Previous Boutin lab student takes a first look, attempting to define habitat recovery for woodland caribou.

The public pushes for habitat restoration and protection to save caribou – one of our many conservation tools that can hopefully be a long-term solution while still managing in the short term. But, what does “restored” mean, and how can we evaluate it? Check out this paper that makes the first attempt at using a mechanism linking linear features like seismic lines to caribou declines: wolf movement on linear features.

http://onlinelibrary.wiley.com/doi/10.1002/ecs2.1936/full

Photo by: Craig DeMars

Linear features are thought to increase wolf movement speed, thereby increasing encounters with caribou and caribou predation. Presumably, when linear features are no longer linked to increased movement rates, the benefit of these human disturbances to wolves is decreased. Previous Boutin student Melanie Dickie used this logic to evaluate how much vegetation is needed on linear features before wolves slow down, and use them less. Dickie found that wolf speed dropped drastically when the shortest, sparsest path reached 50 cm tall. Beyond that, there were minimal effects of additional vegetation. However, wolves still moved faster on linear features until they exceeded 4.1 m.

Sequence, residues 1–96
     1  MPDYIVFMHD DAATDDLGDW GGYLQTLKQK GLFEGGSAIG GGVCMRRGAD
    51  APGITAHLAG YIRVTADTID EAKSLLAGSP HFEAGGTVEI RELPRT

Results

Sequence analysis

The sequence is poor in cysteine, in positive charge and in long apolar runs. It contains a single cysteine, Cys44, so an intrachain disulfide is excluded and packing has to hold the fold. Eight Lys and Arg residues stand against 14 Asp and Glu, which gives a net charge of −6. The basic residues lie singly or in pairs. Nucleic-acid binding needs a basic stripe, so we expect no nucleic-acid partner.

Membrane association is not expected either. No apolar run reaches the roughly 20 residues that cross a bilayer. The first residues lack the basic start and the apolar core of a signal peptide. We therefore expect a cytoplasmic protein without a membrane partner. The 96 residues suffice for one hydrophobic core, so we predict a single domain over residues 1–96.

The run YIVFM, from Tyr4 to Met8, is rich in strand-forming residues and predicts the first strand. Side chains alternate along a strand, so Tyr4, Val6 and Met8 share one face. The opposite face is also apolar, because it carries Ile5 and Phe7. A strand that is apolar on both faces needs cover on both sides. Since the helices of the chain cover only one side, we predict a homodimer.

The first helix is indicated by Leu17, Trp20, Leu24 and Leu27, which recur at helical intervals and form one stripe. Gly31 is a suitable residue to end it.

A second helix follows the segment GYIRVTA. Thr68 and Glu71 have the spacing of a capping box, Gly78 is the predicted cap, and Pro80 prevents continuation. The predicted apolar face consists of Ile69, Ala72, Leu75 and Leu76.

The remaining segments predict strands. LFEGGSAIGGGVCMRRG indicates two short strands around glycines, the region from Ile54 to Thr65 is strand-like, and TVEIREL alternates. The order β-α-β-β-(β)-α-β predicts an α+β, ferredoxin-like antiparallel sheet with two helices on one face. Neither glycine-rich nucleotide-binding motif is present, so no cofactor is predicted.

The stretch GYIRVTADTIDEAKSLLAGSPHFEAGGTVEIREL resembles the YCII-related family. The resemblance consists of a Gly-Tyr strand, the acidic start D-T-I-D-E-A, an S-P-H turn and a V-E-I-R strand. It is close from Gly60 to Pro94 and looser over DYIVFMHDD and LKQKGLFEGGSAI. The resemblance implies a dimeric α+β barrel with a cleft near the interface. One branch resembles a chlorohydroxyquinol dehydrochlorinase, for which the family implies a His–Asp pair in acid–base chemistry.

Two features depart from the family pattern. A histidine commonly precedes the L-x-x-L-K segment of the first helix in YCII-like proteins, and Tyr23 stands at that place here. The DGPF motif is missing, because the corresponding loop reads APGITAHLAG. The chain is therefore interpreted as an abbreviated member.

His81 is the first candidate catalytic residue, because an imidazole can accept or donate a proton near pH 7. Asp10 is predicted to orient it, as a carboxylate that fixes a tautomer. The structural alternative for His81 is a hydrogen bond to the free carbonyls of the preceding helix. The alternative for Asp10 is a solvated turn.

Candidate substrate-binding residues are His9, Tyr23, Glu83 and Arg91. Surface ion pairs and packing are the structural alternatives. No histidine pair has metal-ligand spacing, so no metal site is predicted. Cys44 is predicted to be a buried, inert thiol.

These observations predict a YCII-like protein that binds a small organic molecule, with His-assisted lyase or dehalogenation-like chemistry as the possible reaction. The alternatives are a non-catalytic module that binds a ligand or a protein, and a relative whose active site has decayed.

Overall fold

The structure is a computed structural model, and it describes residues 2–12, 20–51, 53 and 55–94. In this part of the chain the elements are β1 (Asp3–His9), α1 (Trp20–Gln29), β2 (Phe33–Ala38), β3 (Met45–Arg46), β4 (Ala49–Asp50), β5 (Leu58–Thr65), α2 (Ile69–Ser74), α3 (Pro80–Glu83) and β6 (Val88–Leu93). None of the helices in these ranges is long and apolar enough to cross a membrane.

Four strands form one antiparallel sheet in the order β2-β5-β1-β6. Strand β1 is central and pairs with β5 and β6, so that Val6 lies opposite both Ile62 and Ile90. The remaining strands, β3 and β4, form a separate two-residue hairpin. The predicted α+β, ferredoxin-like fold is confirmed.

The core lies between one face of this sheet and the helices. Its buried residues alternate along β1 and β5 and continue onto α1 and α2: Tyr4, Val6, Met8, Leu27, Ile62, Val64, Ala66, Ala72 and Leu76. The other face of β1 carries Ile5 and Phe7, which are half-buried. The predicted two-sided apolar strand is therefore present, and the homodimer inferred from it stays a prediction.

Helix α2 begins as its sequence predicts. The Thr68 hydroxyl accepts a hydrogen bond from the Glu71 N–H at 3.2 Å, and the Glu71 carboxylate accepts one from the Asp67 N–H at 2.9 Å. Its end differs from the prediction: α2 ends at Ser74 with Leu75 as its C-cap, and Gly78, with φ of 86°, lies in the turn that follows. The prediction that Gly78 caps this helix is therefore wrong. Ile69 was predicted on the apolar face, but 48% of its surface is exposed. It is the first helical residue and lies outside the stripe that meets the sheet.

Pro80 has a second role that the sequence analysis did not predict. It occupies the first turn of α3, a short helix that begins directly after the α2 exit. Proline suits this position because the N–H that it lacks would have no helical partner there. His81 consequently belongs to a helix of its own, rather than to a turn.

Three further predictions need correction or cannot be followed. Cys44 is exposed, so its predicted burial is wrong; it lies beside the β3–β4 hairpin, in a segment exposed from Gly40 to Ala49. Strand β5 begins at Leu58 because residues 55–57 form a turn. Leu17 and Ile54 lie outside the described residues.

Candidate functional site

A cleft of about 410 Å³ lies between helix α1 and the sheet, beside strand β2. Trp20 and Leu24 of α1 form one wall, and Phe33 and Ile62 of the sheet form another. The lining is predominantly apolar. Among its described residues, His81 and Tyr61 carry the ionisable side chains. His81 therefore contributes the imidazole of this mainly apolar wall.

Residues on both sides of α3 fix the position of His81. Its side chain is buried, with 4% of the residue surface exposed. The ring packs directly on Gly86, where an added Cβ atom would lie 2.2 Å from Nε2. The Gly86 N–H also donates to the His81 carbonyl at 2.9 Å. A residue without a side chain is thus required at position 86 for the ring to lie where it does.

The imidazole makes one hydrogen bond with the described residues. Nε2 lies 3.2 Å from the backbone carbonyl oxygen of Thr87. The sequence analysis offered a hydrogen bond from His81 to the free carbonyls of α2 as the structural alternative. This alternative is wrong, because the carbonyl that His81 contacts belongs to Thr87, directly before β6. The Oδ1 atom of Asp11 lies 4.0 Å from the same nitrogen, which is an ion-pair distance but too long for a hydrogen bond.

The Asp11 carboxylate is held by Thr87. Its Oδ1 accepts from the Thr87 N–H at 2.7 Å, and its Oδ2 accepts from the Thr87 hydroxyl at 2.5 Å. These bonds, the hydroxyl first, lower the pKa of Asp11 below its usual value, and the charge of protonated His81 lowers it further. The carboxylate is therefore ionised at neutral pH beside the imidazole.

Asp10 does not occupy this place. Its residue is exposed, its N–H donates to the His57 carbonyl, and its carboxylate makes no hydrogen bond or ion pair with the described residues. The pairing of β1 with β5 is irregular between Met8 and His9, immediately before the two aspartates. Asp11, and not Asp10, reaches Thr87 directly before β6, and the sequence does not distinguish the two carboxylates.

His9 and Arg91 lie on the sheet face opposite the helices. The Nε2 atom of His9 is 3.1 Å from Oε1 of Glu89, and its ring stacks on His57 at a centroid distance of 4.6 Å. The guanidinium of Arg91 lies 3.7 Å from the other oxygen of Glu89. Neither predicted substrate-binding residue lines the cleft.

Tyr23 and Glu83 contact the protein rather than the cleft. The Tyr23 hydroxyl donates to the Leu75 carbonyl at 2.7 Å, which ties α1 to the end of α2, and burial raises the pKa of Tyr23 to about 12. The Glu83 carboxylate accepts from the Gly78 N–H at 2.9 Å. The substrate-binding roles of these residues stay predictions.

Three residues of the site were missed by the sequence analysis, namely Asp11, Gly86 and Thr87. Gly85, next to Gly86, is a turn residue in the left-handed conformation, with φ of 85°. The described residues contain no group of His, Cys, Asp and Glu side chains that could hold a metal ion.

Photo by: Craig DeMars

So what does this mean to caribou? In a nut-shell, restoration should work to increase vegetation or other physical blocking (like fallen trees) up until 50 cm to mediate the largest effect of linear features on wolf speed. However, it will take time until linear features are fully recovered and are no longer perceived as a benefit to wolves. These results could be used to prioritize lines that have not yet reached 50 cm of regrowth, more efficiently using limited conservation resources. Additionally, restoration can be used in conjunction with other short-term management practices, until enough time has passed for vegetation to reach sufficient heights and densities. More research is needed to define final restoration goals, and this study takes the first leap.

Photos by: Melanie Dickie

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